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Scott Wells MD: Defrauding His Own Patients? (2024)


Scott Wells MD has received allegations of defrauding his patients. Find out if those allegations are true or not in this review.

Dr. Scott Wells is a highly experienced plastic surgeon who has been practicing in New York for over 25 years. He runs a cosmetic surgery clinic in Great Neck and on Park Avenue, where he serves as the surgical director. Dr. Wells specializes in various rejuvenating procedures, including facelifts, eyelid lifts, and body contouring treatments like liposuction and breast surgeries.

He’s known for his expertise in using innovative techniques such as laser treatments, PRP, and stem cells for rejuvenation. Dr. Wells also offers cosmetic injectable procedures like Botox and fillers, and he’s skilled in using laser technology to minimize bruising for his patients.

Additionally, Dr. Wells has developed programs like SkinGymTM and Beauty For LifeTM to help his clients maintain youthful appearances and address anti-aging concerns.

Dr. Wells received his education from New York Medical College and Johns Hopkins University. He’s recognized as a fellow of the American College of Surgeons and has received several honors for his work in the field of plastic surgery.

Scott Wells MD: Reviews

A patient complained that Dr. Scott Wells charged additional fees that were not part of the initial agreement, even after agreeing to accept payment from their insurance company. They expressed concerns about this practice, suggesting it may be dishonest, and advised others to be cautious when dealing with Dr. Wells.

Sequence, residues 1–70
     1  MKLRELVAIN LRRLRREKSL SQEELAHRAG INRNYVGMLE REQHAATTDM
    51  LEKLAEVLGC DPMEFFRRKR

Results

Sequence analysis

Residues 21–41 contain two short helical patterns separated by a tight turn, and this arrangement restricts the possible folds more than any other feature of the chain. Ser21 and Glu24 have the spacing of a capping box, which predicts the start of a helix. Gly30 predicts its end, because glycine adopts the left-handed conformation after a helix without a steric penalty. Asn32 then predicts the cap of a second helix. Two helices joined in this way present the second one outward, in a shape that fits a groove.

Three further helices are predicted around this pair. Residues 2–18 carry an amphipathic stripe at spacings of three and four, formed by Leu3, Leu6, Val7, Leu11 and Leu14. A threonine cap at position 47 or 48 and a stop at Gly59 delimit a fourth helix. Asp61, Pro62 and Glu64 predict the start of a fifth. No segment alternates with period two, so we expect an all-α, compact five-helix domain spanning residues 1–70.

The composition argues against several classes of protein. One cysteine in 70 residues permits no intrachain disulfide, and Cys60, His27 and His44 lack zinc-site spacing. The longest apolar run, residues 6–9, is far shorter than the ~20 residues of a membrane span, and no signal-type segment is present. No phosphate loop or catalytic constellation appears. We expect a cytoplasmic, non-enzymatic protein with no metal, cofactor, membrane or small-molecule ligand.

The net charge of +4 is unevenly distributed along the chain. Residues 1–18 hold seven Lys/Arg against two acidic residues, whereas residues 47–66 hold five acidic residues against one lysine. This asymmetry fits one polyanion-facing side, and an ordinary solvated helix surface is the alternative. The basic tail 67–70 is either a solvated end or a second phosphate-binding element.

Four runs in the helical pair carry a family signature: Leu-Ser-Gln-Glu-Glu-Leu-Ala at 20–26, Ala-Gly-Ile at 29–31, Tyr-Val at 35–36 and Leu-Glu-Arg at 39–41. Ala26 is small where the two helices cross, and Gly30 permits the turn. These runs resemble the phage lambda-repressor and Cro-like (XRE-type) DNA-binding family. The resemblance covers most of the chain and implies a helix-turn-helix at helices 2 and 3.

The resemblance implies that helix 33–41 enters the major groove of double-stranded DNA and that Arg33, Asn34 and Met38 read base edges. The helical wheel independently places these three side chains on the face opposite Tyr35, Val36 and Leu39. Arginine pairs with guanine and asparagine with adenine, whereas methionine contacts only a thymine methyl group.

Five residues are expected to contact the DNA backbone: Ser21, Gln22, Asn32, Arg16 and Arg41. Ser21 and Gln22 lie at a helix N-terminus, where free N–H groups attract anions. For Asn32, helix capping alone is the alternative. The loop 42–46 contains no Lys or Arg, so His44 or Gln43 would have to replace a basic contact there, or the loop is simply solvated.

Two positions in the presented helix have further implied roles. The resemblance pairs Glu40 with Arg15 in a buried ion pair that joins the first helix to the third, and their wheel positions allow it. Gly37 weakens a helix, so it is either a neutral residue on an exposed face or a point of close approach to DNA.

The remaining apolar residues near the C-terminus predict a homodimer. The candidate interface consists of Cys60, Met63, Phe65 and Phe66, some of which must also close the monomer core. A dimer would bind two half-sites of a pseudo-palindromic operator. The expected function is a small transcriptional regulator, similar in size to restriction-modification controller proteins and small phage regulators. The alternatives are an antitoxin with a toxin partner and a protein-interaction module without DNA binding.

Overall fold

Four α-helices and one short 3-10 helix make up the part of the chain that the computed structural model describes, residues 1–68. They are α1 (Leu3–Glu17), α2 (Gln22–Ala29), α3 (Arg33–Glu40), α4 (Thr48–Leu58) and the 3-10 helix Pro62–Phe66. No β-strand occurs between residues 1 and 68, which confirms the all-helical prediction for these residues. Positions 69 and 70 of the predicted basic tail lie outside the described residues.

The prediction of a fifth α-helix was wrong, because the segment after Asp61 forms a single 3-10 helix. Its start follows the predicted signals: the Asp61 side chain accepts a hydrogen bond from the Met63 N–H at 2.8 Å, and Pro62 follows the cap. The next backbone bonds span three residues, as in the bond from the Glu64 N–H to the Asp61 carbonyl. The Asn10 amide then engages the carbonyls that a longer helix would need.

Is Scott Wells MD Charging Unnecessarily?

According to a report on Money Talks News:

What is upcoding?

Upcoding is a term used in the medical field to describe a type of overcharging. It happens when a healthcare provider intentionally bills for more expensive services or diagnoses than what was actually provided or treated. This is often done to receive higher payments from the patient’s insurance company.

For example, here are three instances of upcoding highlighted by the FBI’s Health Care Fraud Unit:

  1. Billing a routine follow-up appointment as a first-time or extensive office visit.
  2. Charging for individual therapy sessions when group therapy was actually provided.
  3. Advertising sessions as lasting longer than they actually did.

Upcoding gained significant attention in the 1990s when many hospitals were accused of upcoding patient diagnoses. Columbia/HCA, one of the largest offenders, agreed to pay $1.5 billion in fines, penalties, and restitution, making it the biggest healthcare fraud case in American history.

Unfortunately, upcoding remains a problem today. For instance, SCAN Health Plan recently settled a $327 million investigation into overcharging California’s Medicaid program, marking it as the largest-ever Medi-Cal overpayment settlement.

Why is it referred to as upcoding?